weather icon Clear

Bill would cap payday loan interest rate in Nevada

CARSON CITY — A proposal to rein in payday loans took its first step towards becoming law Wednesday.

Assembly Bill 118 seeks to cap the interest rate of short-term loans — often called payday loans — at 36 percent annually, which would represent a drastic drop from the 500 percent or higher rates that are attached to most payday loans in Nevada.

The goal is to help prevent those who use the highly criticized loans from getting trapped in a “cycle of poverty,” said the bill’s sponsor, Assemblywoman 3, D-Las Vegas.

Swank said that a 36 percent cap would put Nevada in line with the federal Military Lending Act, which governs how much interest companies can charge active-duty military members.

“A 36 percent interest rate balances both that risk borne the business but also doesn’t overcharge and create that cycle of poverty that happens if people get stuck in these payday loans,” Swank said.

The bill was introduced in the Assembly Wednesday and referred to the Commerce and Labor Committee, where it will be discussed at a later date.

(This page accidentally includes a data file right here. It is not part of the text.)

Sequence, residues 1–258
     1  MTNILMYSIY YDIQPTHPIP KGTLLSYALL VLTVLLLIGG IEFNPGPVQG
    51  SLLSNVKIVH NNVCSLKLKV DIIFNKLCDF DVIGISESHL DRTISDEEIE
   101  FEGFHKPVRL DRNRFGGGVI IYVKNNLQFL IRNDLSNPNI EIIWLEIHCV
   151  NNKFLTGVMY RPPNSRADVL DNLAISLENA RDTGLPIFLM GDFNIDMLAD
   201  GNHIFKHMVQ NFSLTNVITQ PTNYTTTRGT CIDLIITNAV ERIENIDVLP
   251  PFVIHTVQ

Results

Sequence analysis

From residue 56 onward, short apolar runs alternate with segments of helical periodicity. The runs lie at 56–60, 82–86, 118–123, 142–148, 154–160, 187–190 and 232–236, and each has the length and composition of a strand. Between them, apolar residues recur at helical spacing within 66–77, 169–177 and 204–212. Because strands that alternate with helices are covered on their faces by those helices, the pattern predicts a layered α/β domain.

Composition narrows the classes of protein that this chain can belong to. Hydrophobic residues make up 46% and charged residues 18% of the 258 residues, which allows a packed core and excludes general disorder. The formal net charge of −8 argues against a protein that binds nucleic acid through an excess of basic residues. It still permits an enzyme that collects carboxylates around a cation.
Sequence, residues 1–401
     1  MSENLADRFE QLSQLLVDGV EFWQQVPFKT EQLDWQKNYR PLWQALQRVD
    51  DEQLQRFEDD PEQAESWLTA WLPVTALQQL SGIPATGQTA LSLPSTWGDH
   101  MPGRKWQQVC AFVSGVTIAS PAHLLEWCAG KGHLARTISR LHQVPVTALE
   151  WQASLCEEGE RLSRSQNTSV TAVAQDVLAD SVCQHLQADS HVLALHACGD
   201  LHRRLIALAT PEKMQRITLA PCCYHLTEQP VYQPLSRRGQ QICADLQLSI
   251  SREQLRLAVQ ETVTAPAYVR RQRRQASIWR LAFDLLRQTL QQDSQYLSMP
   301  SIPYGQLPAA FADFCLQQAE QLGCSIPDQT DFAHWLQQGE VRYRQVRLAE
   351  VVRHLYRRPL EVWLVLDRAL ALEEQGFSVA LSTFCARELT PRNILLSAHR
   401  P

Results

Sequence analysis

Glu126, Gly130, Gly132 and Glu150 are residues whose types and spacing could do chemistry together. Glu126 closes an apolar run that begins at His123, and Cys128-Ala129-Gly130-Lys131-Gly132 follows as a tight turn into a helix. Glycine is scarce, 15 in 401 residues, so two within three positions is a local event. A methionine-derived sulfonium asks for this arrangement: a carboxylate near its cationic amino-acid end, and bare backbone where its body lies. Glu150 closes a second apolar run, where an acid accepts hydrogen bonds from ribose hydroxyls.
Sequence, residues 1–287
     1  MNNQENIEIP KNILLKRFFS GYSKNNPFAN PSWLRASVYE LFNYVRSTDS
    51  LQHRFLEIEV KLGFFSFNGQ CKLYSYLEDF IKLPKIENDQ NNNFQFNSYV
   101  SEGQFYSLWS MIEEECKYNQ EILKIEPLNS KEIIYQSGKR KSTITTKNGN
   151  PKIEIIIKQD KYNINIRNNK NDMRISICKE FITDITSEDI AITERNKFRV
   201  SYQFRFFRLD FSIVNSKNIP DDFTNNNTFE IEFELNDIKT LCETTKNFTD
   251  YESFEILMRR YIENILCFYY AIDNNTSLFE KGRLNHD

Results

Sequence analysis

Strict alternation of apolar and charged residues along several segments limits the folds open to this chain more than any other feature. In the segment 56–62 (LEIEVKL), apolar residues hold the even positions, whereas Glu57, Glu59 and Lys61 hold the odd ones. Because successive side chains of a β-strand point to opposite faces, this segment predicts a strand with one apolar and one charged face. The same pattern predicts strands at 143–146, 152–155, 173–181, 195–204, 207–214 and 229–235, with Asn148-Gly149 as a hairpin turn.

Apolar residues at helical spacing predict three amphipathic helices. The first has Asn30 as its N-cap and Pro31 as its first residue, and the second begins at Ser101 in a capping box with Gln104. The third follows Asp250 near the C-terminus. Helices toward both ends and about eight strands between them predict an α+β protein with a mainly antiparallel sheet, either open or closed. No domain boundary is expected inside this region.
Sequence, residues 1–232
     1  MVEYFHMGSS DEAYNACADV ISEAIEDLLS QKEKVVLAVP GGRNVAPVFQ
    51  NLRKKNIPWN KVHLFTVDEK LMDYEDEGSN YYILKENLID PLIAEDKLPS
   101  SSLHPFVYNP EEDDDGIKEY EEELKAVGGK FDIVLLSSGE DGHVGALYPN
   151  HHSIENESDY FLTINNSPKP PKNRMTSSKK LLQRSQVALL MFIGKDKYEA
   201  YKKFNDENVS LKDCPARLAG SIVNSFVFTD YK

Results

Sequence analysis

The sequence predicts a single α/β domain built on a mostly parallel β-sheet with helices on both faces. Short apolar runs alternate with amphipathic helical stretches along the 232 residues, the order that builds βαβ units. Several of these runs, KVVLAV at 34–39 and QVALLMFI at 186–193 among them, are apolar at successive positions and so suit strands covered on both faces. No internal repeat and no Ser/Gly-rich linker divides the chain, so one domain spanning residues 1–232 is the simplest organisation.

Swank proposed similar payday loan reforms in previous sessions, but they were not passed by the Legislature. But Swank said she’s “hopeful” that this session will be different as there is momentum behind such reforms, noting that voters in Colorado approved a 36 percent short-term loan cap in November via ballot initiative.

Contact Capital Bureau Chief Colton Lochhead at clochhead@reviewjournal.com or 775-461-3820. Follow @ColtonLochhead on Twitter

Don't miss the big stories. Like us on Facebook.
Politics Videos
Sisolak signs public records reform bill into law

Gov. Steve Sisolak signed a bill that strengthens Nevada’s public records law, making it easier and cheaper for people to get public records and providing for fines if public agencies willfully flout the law.